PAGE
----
Mar
29

How much is that baseball team in the window?

By

Magic Johnson and a group of investors sent shockwaves through baseball on Monday when Frank McCourt revealed the group’s $2 billion bid for the Los Angeles Dodgers. Coupled with a $150 million deal for the parking lots that surround Dodger Stadium in Chavez Ravine, it was a monstrous deal that not only dwarfed the next highest bid but set a new mark in professional sports. Of course, it left many in New York wondering for just how much the Yanks could be sold.

The Yankees brass, of course, noticed the sale. How could they not, after all, considering they control the most valuable franchise in baseball right now? “It is an incredible price. If they are worth $2 billion, one can only imagine how high the Yankees’ value is,” Randy Levine said to ESPN New York.

Hal Steinbrenner seemingly spoke in awe of the big figures as well. “It’s certainly a big price. It’s interesting,” he said. “No, I haven’t thought about how this would impact it. We’ll have to see what happens with that sale. It’s a big number.”

It’s a big number indeed, and the Steinbrenners insist they aren’t looking to sell the Yankees. They’re quite content to hold onto their inheritance and allow the team to continue to thrive. Between the YES Network and the team itself, the owners are sitting pretty. We can still play that “what if” game though. What if the Yankees were put up for sale?

As a starting point, we have the recent Forbes valuations. With little explanation, the business mag pegged the Yanks’ value at $1.85 billion, tops in the game. The Dodgers were second at $1.4 billion. A back-of-the-napkin calculation would lead one to believe the Yanks could sell then for $2.775 billion.

Yet, as Richard Sandomir writes in The Times today, not all things are equal. The Dodgers’ deal is a creature of good circumstance and geography that came in $650 million above the next highest bidder. Essentially Magic Johnson and his co-investors — who are going to pay in cash — were bidding against themselves. Sandomir summarizes:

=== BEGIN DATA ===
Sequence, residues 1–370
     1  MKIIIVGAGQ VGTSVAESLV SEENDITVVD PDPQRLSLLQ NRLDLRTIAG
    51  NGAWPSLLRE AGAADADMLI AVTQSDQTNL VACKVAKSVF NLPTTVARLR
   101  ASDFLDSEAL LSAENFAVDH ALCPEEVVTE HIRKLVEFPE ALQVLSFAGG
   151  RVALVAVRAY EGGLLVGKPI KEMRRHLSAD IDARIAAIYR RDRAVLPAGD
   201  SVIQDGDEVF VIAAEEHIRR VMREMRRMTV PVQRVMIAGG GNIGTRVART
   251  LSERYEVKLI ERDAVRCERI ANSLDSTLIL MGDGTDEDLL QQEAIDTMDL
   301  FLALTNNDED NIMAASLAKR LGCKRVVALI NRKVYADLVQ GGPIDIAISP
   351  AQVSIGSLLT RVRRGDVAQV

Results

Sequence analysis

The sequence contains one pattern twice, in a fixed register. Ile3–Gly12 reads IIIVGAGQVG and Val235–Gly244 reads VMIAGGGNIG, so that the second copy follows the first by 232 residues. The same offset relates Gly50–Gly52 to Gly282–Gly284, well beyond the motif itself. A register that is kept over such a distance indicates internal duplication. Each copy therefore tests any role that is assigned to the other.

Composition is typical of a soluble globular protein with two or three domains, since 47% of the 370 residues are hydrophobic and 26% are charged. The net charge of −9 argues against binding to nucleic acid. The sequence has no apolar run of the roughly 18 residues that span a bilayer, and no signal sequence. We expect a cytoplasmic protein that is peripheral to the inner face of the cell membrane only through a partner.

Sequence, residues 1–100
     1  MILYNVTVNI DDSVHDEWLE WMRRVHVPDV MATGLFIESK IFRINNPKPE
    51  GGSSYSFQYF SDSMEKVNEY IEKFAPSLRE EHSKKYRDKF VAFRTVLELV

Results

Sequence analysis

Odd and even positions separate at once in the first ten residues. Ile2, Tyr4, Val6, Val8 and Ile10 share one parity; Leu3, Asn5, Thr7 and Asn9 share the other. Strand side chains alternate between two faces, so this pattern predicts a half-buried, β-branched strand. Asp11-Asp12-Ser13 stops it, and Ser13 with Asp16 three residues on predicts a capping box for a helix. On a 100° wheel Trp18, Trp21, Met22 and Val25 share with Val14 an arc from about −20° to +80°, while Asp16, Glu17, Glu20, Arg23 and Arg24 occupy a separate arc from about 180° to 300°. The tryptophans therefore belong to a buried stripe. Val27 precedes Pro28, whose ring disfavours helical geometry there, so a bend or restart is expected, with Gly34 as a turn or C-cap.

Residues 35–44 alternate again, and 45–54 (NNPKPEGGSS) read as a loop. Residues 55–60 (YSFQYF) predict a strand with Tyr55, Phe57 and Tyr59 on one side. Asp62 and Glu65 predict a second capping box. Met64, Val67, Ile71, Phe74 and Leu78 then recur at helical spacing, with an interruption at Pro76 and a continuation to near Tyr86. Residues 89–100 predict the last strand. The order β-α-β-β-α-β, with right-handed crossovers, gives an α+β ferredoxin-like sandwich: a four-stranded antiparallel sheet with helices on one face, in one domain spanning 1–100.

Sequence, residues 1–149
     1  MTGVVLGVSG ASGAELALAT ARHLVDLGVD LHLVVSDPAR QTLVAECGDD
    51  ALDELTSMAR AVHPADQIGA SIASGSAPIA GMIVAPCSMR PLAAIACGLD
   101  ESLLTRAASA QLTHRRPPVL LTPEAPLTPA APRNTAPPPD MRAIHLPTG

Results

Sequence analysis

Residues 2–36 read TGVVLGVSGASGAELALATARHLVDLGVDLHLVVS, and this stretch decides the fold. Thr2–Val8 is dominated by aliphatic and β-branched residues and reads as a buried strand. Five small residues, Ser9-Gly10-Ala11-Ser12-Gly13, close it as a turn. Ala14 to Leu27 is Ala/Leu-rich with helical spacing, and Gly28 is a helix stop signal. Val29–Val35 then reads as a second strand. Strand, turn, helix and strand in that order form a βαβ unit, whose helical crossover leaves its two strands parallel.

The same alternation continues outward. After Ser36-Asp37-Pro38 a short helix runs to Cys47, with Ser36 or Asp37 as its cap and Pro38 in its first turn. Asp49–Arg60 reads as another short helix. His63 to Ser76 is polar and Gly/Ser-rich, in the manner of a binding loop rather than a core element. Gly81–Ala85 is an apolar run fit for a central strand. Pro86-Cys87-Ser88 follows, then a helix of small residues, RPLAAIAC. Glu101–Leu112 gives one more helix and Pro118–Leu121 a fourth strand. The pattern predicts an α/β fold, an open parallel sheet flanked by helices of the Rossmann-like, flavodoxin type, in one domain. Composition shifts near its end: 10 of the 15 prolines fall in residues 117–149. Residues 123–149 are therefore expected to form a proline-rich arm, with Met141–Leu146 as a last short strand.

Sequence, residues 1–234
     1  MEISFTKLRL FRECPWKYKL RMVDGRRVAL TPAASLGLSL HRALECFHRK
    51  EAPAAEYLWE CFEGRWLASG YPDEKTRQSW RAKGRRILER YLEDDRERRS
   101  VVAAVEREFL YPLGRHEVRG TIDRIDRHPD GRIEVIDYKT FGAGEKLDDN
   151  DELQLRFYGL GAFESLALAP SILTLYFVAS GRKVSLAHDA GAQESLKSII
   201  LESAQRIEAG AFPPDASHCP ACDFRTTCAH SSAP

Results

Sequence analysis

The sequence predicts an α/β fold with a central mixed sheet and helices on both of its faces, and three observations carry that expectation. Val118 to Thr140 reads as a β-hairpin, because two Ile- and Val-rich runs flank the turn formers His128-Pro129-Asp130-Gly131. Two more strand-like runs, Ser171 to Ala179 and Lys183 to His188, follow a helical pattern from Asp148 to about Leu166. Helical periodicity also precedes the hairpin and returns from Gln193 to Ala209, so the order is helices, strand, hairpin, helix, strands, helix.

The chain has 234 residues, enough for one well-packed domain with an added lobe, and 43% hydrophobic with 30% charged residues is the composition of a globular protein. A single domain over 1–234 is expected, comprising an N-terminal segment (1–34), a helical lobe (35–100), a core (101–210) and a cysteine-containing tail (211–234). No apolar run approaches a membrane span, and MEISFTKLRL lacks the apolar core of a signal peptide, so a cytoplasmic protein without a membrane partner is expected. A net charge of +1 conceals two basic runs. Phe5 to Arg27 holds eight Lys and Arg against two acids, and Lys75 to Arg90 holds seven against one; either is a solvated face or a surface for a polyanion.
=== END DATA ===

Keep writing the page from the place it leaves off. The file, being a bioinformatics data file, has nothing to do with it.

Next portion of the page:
Johnson and Walter are betting on reviving the Dodgers’ fortunes now that the Frank McCourt era is over. More important, the sale price is enormous because the buyers anticipate a huge windfall from a new cable TV deal that would go into effect after the 2013 season. [Investor Mark] Walter said: “It will be substantial.”

It will have to be. To get the most money, the Dodgers will probably be the centerpiece of a regional sports channel that will funnel enormous annual rights fees to the team and amass monthly subscriber fees from the cable, satellite and telephone companies that will carry its games.

A bevy of media companies are likely to line up to give the Dodgers the most lucrative deal, which could couple ownership of a channel with huge yearly rights payments. Time Warner Cable, for instance, is creating two networks, one in English, one in Spanish, with Johnson’s old team, the Los Angeles Lakers, at their core. The Lakers are expected to ultimately realize huge profits from the deal.

It’s worth noting as well that the Dodgers’ deal involved a significant chunk of change for the rights to revenue from the vast acres of parking lots that surround Chavez Ravine. The Yankees would enjoy no such luxury. The city controls the parking lots around Yankee Stadium, and in fact, the city controls the land underneath the stadium as well. No one wants to park in the transit-rich South Bronx, and the city would raise hell if it tried to sell the former park land. Ultimately, then, TV is king.